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Bonnie Vengrow
Contributing Writer

Am I Doing Enough With My Newborn?

Whenever baby’s awake and I’m not entertaining him, I feel guilty. How—and how much—should I be interacting with him?

Baby’s mind and body are constantly developing in the most amazing ways right now, and we get your enthusiasm to maximize every moment of this key period. But the truth is, you don’t need to do a heck of a lot to entertain a newborn.

So forget baby soccer classes and “mommy-and-me” French lessons — right now, baby can benefit most from a few simple activities, says Lisa M. Asta, MD, clinical professor of pediatrics at the University of California at San Francisco and fellow of the American Academy of Pediatrics. So if you’re doing the following then you’re definitely doing enough:

Have tummy time
While baby should sleep on his back, when he’s awake, he should have (supervised) time on his tummy. “Tummy time helps with gross motor skills and keeps the head from flattening,” says Asta. “Babies should be on their tummies multiple times a day.” If baby hates tummy time (it happens), sweeten the deal by lying on the floor next to him and encouraging him to lift his head up. Put items with different colors and textures (like a soft towel) underneath him during the exercise sessions, or even move the workouts to a shaded spot in the backyard.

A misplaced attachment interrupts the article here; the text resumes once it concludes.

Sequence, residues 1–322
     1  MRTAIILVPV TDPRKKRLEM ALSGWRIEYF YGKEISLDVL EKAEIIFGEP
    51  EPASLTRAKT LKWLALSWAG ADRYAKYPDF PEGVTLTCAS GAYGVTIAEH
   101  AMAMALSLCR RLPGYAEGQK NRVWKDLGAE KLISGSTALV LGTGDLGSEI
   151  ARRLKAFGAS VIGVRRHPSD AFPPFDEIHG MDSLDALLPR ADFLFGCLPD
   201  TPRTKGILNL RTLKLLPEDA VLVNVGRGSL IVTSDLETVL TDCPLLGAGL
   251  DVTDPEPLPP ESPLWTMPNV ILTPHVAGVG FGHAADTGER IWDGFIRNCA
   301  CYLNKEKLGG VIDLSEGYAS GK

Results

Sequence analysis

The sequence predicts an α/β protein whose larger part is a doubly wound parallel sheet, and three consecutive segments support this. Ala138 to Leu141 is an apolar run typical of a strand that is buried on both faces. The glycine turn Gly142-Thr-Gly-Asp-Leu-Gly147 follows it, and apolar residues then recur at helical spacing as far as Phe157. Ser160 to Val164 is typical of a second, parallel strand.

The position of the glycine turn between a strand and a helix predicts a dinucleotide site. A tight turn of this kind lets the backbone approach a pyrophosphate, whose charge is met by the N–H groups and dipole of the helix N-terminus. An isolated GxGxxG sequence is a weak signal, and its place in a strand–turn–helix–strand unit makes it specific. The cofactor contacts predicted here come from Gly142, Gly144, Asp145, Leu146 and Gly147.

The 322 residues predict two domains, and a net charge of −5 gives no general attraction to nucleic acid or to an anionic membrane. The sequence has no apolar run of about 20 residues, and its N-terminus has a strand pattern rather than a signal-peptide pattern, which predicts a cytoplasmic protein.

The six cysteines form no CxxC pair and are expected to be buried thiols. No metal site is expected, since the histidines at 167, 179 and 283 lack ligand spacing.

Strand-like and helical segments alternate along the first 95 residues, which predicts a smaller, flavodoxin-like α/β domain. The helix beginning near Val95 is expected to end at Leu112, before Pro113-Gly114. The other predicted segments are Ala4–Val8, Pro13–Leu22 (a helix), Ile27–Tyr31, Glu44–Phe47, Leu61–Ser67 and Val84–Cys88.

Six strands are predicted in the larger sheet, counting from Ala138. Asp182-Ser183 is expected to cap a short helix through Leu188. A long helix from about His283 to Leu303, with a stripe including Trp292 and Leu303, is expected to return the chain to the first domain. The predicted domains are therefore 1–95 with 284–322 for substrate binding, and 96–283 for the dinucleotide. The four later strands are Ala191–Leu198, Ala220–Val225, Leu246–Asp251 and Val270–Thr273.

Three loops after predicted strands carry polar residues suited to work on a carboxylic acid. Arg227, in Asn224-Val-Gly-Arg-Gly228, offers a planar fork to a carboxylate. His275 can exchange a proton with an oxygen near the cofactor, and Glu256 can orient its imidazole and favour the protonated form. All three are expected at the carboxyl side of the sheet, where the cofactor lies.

Get talking
Having a one-sided convo might feel a little silly at first, but hearing you speak does wonders for baby’s language development. “Look at all the ‘teach-yourself-a-new-language’ programs. They make their money by letting you hear language out loud,” Asta says. It’s okay to leave the witty banter for cocktail parties — right now, your newborn will find even the most mundane topics fascinating. So explain how you’re slicing vegetables for tonight’s dinner. Tell baby what you’re doing during his bath. Point out how the leaves outside are changing color. It may seem boring to you but trust us, he’s listening.

Sing a song
Belting out “Single Ladies (Put a Ring on It)” isn’t just fun, it also boosts baby’s language skills. Don’t have Beyonce’s pipes? Don’t worry — your infant won’t judge you on whether you hit all the high notes. And don’t feel like your soundtrack has to stick to Wonder Pets! or Elmo’s World. “It doesn’t have to be kiddie music that makes you feel like your brain will rot,” Asta says.

Read a book
Reserve time throughout the day to snuggle up and read a book together. Besides the excuse to bond, reading is an ideal way for baby to hear your voice (it’s one of her favorite sounds). Look for board books with pictures of faces or high-contrast patterns in black and white or bright colors.

Go outside
Besides the health benefits (fresh air and vitamin D), being outdoors is fun for babies. “Kids should be outside,” Asta says. “They should toddle around and explore nooks and crannies.” Join a “mommy-and-me” group that meets in an outside space, like a park, and you’ll have extra motivation to get out on a regular basis.

Slow down
Turn your phone on silent every now and then. Focus on baby and slow down to his pace. “Babies change so quickly; every day seems to last a lifetime,” she says. “They also operate at so much of a slower pace, and that’s okay. This is a more mellow time. Relax and enjoy it.”

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Photo: Rob & Julia Campbell